informs, inspires, entertains and empowers travelers like you. My name is Robert and I'm happy you're here!

 
 
 

Get Email Updates

Like what you're reading? Sign up to receive my weekly email newsletter – it's like a trip around the world to end every week!

Upcoming Trips

  • Singapore March 27-28
  • Kyushu, Japan March 29-April 5
  • Middle East TBA April
 
 

{ 16 comments… read them below or add one }

Raphael Alexander Zoren April 9, 2014 at 9:29 am

I saw a few Geishas during my stay, contrary to popular belief, they do not walk the streets at night. The only glimpses I got was of the Geishas boarding a black van along with their matron on the way to an assignment.

That being said, there are tons of young Japanese girls pretending to be Maikos (Geisha’s apprentices) during the day and they are perfectly willing to pose for a photo.

Robert Schrader April 9, 2014 at 5:04 pm

Congrats on having seen some, Raphael! I saw a lot of Chinese/Japanese/Korean girls dressed like geishas but alas, nothing like the real thing.

Robert-Gilles Martineau April 9, 2014 at 5:04 pm

Dear Robert! Greetings from Shizuoka! I’ve been to Kyoto countless times and there are certainly a lot more to Tokyo than geishas! For all their beauty and mystery they are after all high class entertainers and spotting them is one thing, but watching them would cost a dear amount! LOL I must say that your beautiful photographs prove you saw enough of Kyoto to please anyone. One tip for your next photo essay: look at the scenery along your feet, you will discover something on seemingly meaningless manhole covers for example! Enjoy yourself!

Robert Schrader April 11, 2014 at 7:19 am

Robert, thanks for your comment and also, of course, for reading. How is Shizuoka? I really appreciate your compliments – next time, I will be sure to look down.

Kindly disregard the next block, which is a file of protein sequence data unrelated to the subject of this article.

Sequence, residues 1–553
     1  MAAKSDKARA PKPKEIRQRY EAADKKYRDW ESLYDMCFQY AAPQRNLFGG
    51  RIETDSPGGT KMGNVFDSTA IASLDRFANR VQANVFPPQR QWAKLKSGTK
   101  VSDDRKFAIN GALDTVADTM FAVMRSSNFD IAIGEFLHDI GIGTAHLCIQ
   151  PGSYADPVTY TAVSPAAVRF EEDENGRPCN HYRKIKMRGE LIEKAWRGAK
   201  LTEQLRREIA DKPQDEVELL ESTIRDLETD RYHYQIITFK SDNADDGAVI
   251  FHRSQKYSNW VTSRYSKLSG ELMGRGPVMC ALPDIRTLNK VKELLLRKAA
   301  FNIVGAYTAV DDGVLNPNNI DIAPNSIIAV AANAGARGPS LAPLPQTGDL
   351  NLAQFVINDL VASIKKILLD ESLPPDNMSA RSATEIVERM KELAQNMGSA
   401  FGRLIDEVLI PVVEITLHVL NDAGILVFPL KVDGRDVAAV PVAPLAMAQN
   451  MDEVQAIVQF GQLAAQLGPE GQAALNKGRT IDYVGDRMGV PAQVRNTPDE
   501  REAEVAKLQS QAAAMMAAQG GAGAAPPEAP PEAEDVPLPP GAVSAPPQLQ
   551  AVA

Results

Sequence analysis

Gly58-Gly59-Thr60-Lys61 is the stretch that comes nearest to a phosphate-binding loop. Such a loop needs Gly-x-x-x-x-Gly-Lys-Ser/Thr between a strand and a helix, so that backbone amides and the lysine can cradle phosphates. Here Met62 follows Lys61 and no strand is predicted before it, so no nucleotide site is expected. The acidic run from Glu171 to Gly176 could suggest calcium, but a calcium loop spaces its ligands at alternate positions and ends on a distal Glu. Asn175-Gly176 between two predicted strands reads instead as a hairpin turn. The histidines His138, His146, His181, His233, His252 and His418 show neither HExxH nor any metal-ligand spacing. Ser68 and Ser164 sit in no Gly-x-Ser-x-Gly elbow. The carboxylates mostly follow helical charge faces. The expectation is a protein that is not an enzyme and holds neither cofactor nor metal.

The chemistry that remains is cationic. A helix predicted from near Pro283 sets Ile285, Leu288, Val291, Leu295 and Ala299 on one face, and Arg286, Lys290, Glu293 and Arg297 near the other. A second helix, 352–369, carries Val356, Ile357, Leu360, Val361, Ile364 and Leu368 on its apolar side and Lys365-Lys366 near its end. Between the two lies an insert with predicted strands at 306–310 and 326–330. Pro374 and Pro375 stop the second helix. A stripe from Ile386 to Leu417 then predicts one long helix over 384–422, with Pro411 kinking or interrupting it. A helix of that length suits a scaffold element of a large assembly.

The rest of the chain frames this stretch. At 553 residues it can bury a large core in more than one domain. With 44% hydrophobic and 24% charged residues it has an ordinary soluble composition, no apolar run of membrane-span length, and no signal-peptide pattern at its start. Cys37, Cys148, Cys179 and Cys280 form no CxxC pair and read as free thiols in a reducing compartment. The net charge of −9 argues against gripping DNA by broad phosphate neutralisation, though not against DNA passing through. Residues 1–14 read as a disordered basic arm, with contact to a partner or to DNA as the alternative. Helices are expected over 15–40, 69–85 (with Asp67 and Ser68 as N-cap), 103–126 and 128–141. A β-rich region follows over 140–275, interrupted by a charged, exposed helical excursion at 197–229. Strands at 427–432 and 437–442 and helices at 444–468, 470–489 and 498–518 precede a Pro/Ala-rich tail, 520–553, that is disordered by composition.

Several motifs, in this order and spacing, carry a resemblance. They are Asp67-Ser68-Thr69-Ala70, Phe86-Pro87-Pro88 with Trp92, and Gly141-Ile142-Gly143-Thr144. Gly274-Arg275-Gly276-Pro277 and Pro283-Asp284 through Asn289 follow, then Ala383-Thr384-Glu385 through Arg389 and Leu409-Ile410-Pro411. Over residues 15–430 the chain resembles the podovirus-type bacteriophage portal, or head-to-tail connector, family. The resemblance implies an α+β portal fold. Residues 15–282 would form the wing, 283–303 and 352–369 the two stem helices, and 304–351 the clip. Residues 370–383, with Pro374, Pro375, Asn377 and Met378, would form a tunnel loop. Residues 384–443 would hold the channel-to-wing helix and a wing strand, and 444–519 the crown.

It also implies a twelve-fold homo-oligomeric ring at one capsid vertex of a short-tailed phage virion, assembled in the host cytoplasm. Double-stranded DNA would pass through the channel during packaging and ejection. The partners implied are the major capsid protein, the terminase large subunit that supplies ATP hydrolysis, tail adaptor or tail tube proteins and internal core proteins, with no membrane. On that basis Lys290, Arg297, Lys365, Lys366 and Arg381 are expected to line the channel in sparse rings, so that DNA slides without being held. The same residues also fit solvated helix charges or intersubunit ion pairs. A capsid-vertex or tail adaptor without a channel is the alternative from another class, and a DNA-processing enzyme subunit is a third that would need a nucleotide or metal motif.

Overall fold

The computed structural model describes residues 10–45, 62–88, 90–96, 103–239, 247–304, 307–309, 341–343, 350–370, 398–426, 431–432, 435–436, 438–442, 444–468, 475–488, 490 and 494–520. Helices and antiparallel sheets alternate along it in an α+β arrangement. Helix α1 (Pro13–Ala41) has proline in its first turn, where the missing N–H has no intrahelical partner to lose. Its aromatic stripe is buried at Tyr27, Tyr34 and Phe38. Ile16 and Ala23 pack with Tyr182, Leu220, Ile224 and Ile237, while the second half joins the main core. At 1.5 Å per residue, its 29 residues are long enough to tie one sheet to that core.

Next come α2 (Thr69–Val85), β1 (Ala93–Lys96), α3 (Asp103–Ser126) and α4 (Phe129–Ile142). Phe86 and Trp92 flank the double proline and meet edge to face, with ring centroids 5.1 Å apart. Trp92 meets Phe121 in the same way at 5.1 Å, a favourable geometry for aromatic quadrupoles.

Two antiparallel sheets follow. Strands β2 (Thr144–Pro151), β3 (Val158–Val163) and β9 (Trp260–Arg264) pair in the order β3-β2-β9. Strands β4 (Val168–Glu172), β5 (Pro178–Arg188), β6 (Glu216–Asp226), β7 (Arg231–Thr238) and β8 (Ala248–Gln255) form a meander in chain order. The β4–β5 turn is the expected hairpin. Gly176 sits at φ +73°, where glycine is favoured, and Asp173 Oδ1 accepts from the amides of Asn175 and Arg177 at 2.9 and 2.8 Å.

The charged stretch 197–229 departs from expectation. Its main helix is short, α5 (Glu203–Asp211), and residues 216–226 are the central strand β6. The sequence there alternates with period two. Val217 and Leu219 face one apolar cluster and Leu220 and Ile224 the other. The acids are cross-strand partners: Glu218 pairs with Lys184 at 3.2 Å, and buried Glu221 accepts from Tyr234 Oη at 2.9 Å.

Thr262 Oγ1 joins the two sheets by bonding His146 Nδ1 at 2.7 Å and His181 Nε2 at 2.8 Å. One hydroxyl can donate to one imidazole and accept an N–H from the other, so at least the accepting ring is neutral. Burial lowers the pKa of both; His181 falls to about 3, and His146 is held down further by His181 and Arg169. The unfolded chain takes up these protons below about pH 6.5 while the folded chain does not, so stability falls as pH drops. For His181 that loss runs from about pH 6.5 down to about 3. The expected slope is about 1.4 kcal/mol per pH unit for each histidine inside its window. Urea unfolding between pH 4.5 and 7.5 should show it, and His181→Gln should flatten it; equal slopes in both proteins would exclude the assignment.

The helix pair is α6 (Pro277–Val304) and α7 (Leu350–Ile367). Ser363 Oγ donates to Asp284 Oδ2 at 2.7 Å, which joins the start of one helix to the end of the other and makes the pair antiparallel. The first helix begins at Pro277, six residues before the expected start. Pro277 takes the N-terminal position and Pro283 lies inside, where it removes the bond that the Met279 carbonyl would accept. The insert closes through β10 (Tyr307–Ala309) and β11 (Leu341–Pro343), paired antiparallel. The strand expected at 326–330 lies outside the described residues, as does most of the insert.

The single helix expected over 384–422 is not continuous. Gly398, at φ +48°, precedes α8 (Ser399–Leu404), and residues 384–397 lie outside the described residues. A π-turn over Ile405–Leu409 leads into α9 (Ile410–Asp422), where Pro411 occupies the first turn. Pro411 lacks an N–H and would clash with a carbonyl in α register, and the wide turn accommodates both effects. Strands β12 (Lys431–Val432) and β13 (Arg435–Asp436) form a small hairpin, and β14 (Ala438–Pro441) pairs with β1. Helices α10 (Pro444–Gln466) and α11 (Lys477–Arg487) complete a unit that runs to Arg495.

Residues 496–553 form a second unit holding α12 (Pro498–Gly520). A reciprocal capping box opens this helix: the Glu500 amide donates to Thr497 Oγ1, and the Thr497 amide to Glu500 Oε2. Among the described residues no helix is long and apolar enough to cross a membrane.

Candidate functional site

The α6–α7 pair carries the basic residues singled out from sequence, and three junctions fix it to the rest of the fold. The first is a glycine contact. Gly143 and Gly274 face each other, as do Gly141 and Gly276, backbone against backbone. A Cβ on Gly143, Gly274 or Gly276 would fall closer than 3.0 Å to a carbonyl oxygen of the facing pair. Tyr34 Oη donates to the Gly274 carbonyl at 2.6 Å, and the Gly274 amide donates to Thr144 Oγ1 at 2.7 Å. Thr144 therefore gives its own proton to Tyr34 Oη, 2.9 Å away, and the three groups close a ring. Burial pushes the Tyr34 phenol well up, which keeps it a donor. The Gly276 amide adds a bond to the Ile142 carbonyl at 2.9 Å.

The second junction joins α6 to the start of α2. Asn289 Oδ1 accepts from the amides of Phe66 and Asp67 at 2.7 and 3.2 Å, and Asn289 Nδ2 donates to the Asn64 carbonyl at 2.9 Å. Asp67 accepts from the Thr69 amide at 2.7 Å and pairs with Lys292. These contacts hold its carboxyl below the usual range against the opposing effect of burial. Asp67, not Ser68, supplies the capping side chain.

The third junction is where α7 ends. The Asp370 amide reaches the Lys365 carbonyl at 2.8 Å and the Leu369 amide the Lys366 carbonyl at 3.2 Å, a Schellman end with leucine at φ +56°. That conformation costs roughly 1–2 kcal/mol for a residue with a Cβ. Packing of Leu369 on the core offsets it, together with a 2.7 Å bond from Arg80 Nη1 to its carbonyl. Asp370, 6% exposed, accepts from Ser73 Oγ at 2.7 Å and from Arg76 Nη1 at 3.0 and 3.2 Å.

Marcel Votlucka April 11, 2014 at 9:12 am

Don’t forget to visit the Iwatayama Monkey Park! I got lucky and was able to follow one of them up the hill to the main feeding area – a cage of sorts for tourists while the monkeys roam all over outside grabbing your food 🙂

Robert Schrader April 15, 2014 at 9:43 pm

Good tip!

creativenomad April 22, 2014 at 12:43 am

however you did manage to get some beautiful photos!

Robert Schrader April 22, 2014 at 10:43 pm

Thank you 🙂 I like to think I did

Aytan Garibli August 2, 2014 at 11:40 am

Robert, your blog is very inspiring, and the photos are beautiful. I’ve been reading it non-stop since I discovered it yesterday! I see that your next trip is to Caucasus, let me know if you need any help in Baku!

Robert Schrader August 3, 2014 at 8:22 am

Thank you, Aytan! I will only be in Baku a couple days, but any recommendations are welcome, especially for hotel!

MissAdventure Travel August 5, 2014 at 9:45 am

Sounds like a classic example of how the journey can trump the destination. Or, in your case, how the search is more fun than the success! Great photos.

Robert Schrader August 6, 2014 at 9:13 am

Thanks 😀

Dreamer August 22, 2014 at 1:30 pm

You should visit Fushimi Inari Taisha the next time! One of the most surreal and amazing temples in Kyoto to visit, especially at nightfall!

Robert Schrader August 25, 2014 at 6:31 am

Yes, I can’t believe I missed it.

Iza December 26, 2014 at 2:39 am

It’s a slow day at work for me (which thankfully does not qualify as daily hell – yet, at least) and I decided to research on what to do during me and my partner’s upcoming new year trip to Jogja while waiting for new support ticket to show up in my dashboard. I’m a native Indonesian, but I decided to use English keywords while googling, mainly because I wanted to know what you foreigners say about travelling to Jogja.

I stumbled upon your site, and before I knew it, I already spent three hours on this site. I’m definitely more of an indoor person – by choice, mind you – but reading about your travels has made me happy too. I don’t know how to word this better but it’s like your passion and enthusiasm oozed out of my screen. My partner and I are also planning to visit Japan someday, so thank you for sharing your travel experience. Loove the cherry blossom pictures. Great tips, beautiful pictures, bookmarked – keep up the good work, Robert!

Robert Schrader December 26, 2014 at 6:24 am

Wow Iza, what a kind and thoughtful message. Also, I’m sure you know this, but your English is absolutely perfect. You write like a native American!

I hope that when your trip to Japan finally comes, you will use my site as a resource. Until then, I’m jealous: Jogja is one of my favorite cities in the world!

{ 7 trackbacks }

Previous post:

Next post: